First, I had to look up the details of the method and how it works. The Mozilla Developer Center has some very clean, straightforward documentation. Once I had that, I set up this test page.
This test page takes some song lyrics and finds the pattern defined as words that modify other words (I had to think of something to test with). Once we have our target text and our pattern, we do a conditional loop until the RegExp::exec() method no longer returns a valid match array. The array that gets returned acts just like the Matcher::Group() method in Java, so this felt very natural:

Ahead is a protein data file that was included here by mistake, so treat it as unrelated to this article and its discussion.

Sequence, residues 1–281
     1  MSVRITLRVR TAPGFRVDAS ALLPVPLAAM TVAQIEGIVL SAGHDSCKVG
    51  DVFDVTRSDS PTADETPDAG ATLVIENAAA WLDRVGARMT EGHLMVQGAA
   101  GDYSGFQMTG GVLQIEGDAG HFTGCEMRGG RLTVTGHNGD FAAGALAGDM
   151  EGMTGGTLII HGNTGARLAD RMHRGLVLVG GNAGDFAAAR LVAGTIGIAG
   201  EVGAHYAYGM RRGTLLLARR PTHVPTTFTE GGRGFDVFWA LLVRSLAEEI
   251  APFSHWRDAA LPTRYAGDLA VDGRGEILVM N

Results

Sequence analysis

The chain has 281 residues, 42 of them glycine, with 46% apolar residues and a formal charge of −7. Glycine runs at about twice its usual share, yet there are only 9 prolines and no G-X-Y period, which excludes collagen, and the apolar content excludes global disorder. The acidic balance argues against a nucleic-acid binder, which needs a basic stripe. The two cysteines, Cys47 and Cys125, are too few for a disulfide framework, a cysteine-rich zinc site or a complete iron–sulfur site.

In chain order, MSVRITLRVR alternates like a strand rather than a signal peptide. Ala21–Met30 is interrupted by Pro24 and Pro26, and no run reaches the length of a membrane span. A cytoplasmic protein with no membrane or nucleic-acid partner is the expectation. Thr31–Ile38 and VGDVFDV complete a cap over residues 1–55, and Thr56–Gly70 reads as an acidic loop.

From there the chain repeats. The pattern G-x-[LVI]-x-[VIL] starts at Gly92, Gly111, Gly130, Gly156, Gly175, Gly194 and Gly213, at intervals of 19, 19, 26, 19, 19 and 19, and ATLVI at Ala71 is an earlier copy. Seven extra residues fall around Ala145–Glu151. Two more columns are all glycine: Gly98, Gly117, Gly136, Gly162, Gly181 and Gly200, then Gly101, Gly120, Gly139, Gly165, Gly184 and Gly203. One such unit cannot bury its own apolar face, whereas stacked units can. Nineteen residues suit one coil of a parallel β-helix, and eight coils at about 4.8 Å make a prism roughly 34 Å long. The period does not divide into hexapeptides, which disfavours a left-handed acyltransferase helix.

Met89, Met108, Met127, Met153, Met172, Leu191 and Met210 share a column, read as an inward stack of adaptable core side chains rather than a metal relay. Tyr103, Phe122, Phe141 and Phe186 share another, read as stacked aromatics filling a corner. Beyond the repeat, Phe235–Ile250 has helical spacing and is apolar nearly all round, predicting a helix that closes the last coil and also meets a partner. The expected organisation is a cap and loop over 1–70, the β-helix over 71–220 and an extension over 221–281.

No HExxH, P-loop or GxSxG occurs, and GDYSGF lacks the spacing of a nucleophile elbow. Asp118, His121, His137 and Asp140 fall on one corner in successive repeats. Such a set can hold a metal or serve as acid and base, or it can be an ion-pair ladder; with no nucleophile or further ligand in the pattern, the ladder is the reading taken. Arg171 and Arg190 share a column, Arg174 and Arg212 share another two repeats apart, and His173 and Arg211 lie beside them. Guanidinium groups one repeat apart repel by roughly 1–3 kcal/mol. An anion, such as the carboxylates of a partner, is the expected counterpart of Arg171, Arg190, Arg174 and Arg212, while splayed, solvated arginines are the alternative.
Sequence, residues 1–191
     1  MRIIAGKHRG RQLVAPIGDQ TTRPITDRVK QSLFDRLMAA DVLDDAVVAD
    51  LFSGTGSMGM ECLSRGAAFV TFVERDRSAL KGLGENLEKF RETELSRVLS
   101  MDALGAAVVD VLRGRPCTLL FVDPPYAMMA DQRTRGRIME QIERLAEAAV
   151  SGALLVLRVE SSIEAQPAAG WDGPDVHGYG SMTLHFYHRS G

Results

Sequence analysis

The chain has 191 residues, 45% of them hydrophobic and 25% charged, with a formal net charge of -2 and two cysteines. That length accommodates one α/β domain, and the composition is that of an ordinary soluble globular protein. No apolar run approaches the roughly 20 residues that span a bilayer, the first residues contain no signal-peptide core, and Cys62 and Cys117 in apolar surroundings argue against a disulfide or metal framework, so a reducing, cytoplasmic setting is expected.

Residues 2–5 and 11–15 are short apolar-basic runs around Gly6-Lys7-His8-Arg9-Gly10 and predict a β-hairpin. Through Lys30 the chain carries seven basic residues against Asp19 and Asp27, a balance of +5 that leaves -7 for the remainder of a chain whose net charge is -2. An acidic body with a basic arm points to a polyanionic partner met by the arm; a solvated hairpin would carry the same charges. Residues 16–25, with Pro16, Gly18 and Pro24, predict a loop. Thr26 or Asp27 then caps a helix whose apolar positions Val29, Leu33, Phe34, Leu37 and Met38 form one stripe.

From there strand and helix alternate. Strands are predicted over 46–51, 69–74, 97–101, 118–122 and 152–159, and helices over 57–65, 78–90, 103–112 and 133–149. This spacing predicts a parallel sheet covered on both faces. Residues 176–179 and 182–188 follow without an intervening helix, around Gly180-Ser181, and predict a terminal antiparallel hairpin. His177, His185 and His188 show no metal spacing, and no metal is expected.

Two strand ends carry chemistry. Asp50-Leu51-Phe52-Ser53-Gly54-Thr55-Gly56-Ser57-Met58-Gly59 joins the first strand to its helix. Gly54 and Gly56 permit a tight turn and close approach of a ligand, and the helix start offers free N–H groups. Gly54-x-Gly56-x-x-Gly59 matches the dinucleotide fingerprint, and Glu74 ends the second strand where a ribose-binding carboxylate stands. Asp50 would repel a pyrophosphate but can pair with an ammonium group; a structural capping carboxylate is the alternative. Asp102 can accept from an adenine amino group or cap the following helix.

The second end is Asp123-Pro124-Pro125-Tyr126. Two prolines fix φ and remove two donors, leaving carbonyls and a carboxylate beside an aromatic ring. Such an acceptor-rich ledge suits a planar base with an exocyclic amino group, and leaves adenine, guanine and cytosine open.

Running the above page, we get the following output:
BIG modifies BUTTS
........ Phrase: big butts
........ Start Index: 10
........ End Index: 19
........ Index Substring: big butts
BITTY modifies WAIST
........ Phrase: bitty waist
........ Start Index: 113
........ End Index: 124
........ Index Substring: bitty waist
ROUND modifies THING
........ Phrase: round thing
........ Start Index: 134
........ End Index: 145
........ Index Substring: round thing
Anyway, this is very cool stuff. I wish I had known about this earlier. This feels like a very elegant solution, even more so that harnessing the power of the String::replace() method to accomplish the same ends.
Want to use code from this post? Check out the license.